Example Brief POSC 3123
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This 3 page Study Guide was uploaded by kristenccarter24 Notetaker on Thursday September 8, 2016. The Study Guide belongs to POSC 3123 at Arkansas State University taught by Dr. Hans Hacker in Fall 2016. Since its upload, it has received 6 views. For similar materials see American Constitutional Law in Political Science at Arkansas State University.
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Date Created: 09/08/16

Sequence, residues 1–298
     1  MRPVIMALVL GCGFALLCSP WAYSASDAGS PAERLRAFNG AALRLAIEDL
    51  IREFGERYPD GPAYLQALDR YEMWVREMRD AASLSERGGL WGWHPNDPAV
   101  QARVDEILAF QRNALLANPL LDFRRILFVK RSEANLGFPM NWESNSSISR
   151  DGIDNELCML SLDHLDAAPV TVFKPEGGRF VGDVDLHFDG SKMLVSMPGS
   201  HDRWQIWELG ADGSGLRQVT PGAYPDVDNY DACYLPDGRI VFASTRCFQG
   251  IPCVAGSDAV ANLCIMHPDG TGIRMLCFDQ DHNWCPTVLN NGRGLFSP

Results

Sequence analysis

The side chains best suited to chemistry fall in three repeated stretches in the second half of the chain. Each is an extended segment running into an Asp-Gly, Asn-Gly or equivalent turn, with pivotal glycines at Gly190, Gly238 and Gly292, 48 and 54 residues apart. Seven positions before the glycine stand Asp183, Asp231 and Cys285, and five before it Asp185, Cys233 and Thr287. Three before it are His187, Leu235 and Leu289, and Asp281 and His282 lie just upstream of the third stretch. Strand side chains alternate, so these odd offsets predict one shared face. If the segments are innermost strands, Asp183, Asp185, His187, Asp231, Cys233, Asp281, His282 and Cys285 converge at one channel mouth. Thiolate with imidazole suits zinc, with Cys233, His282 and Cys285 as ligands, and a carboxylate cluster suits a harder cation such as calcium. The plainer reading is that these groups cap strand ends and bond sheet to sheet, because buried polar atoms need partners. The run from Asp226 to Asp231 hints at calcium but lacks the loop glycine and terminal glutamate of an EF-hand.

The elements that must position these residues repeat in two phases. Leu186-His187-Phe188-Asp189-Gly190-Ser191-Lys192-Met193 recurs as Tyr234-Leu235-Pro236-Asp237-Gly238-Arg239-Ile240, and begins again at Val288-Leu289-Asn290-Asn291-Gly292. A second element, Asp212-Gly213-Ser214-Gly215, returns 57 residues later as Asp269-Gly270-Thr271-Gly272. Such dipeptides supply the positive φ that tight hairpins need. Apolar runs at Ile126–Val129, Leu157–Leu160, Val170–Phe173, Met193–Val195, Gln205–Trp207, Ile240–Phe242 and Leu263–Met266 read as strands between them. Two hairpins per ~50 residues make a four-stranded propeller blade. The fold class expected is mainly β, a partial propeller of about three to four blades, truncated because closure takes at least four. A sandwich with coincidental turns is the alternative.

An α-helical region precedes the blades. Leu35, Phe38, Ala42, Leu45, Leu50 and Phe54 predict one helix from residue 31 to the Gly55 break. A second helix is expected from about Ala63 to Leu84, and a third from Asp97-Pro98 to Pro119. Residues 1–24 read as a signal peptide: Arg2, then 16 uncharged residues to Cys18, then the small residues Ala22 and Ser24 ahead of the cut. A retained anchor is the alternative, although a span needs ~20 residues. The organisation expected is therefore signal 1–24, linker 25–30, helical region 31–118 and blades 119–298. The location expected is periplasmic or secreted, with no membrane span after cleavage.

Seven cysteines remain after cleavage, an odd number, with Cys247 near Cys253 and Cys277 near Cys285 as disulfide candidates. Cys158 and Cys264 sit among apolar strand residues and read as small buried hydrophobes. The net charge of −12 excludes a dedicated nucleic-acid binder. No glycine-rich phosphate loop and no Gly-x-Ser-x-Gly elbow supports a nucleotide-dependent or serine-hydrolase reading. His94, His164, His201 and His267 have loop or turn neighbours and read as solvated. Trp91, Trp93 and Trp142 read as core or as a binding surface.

Mapp v. Ohio 367 U.S. 643 (1961) Issue Before obtaining a warrant to search, Police broke into Dollree Mapp’s house looking for a fugitive who had tried to bomb the house of Don King. Mapp demanded to see a warrant, the police did not produce one. The police did not find the fugitive. But, in the course of their search they turned up illegal materials (obscene photos), which were used at Mapp’s trial to obtain a conviction. Commented [MH1]: Okay, so this summarizes adequately the important facts. The most crucial facts are these two: police obtained illegal materials during the course of a warrantless search, Whether the State of Ohio can introduce evidence obtained without a warrant at trial against Mapp to 2) the state then used these materials as evidence at a trial to th gain a conviction, or would this violate the 4 Amendment prohibitions against illegal searches and convict Mapp. seizures. Commented [MH2]: “As to Parties” statement of the issue. This one is best for those cases in which thepetitioner mounts a “as Whether the states may introduce evidence obtained without a warrant at trial for the purpose of applied” challenge to the law or policy. gaining a conviction, or does this general practice violate the 4 Amendment prohibitions against illegal searches and seizures. Commented [MH3]: This is the general statement of the issue. This one is best for “facial challenges” where the petitioner claims Rule the law or policy is unconstitutional when applied to anyone and everyone. Held 6-3 (Clark writing) in favor of Petitioner, Mapp, and overturned the Ohio Supreme Court. The Court th Commented [MH4]: This is the “Holding”. interpreted the 4 Amendment prohibition against illegal searches and seizures using the Exclusionary Rule to overturn Mapp’s conviction based on the introduction of the illegally obtained evidence. Under this rule the state may not profit from any illegally obtained evidence. The Court also considered how the meaning of the 4 Amendment as applied to the states (Incorporation). While SCOTUS had already th applied the 4 Amendment to the state, it went on to say that the exclusionary rule was the only valid interpretation of the 4 Amendment as applied to the states. Commented [MH5]: This is the statement of the Rule, also known as the general principle used by the Court to resolve this case and any similar cases that might come to it. Analysis The Court held that the exclusionary rule prevents Ohio from introducing evidence against Mapp in court for the purpose of obtaining a conviction. In arriving at this decision, the Court effectively overturned her conviction. Commented [MH6]: So, this is a summary of the ratio decidendi. This is what resolves this particular dispute. Frankly, I only include this here for the purposes of illustration. The next part The exclusionary rule is a “judicial created remedy designed to safeguard the 4 Amendment” by th is the most important, and the part the Court focused on most. prohibiting the introduction of illegal evidence at trial. The Court applied the exclusionary rule to the states through the due process clause of the 14 Amendment. In doing so, the Court overturned the Commented [MH7]: Rule Statement: This is a summary of the obiter dictum – the language the Court used to explain why it portion of a previous case (Wolf v. Colorado) that the 4 Amendment warrant clause DID NOT require decided the case as it did, and to give guidance to future courts. It that all evidence obtained through an illegal search automatically be barred from admission in court for does not speak directly to the litigants, but to the general state of the law now that the Court decided the case. Future Courts can the purposes of obtaining a conviction. In that case, the Court allowed states to come up with various abide by this, or not. methods of dealing with the problem. Commented [MH8]: Rule Explanation: I refer to a case, in this instance a case the Court overturned. Mapp applied the same limitations to the states as the federal government. The Court argues that any standard less than the exclusionary rule would gut the right to privacy in the home contained in the warrant requirement of the 4 Amendment. It also notes that many states use the exclusionary rule even though not required to do so. The Court also noted that uniformity in requirements for states and the federal government makes good sense – federal prosecutors may not use evidence illegally seized, but they can walk it across the street to states’ attorneys for purposes of conviction in a state court. After Mapp, this was abuse (the “ignoble shortcut”) was not possible. Commented [MH9]: More detail. As I stated above, future courts are not bound by the obiter dicta. Often they feel bound by it – they will not change an established principle. But, they do Conclusion change and adapt the principle over time. One way in which a th Yes. The actions of the police violate the 4 Amendment. The evidence obtained against Mapp may not future Court adapted this principle in a later case is called the “Good Faith Exception” to the Exclusionary Rule – police and be admitted at trial for the purposes of gaining a conviction. The Court over turned the decision of the prosecutors who get a warrant which is later found to be defective, Supreme Court of Ohio and Mapp’s conviction. In doing so, it applied the exclusionary rule to the states may still introduce that evidence in court because it was the judge who made the error, not the police. and required uniformity as to the rights of citizens to be free from prosecution as the result of Commented [MH10]: Notice how I speak directly to the issue. I unreasonable searches and seizures. say yes, or no here! Then, I summarize the case briefly – the holding, ruling, and a bit of analysis. Very short. Dissent (Harlan) Commented [MH11]: Concurrences and dissents are Regional and other differences among the states requires not uniformity, but flexibility to meet law important! Don’t ignore them. th enforcement demands. Due process in the 14 Amendment should be flexible, and nothing in it requires th that the 4 Amendment be applied uniformly to the states and the federal government. My Questions for You! 1) Which facts where important to the Court? Could I have left any out that I state in the Issue section? 2) Although I state the issue as to parties and generally? Which is best suited to the outcome of the case? Did the Court simply overturn the law as applied to Mapp, or did they change the law as applied to all states? In other words, was this an as applied, or a facial challenge? 3) Do you see the difference between the Holding and the Rule? Do you think I included too much in the statement of the Rule? Could I move some of it down into the Analysis section? 4) Do you see how I directly answered the Issue statement? I also summarized the case so I could go directly to the conclusion when it comes time to write about this case. I don’t need to read it completely over again!